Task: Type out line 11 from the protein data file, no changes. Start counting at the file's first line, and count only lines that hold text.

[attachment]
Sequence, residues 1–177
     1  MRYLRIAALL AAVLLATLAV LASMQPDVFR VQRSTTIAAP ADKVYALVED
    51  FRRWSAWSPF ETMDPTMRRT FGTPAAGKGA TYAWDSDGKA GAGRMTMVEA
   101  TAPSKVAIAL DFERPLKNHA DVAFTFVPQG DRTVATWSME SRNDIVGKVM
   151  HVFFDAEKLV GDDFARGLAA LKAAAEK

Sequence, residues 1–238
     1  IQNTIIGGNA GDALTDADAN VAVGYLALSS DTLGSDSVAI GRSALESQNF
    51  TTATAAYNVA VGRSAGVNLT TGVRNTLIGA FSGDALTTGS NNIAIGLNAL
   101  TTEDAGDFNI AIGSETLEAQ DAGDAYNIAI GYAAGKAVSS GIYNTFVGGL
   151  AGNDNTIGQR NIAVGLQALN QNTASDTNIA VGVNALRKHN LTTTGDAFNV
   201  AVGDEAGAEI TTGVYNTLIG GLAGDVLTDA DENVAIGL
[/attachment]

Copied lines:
   201  AVGDEAGAEI TTGVYNTLIG GLAGDVLTDA DENVAIGL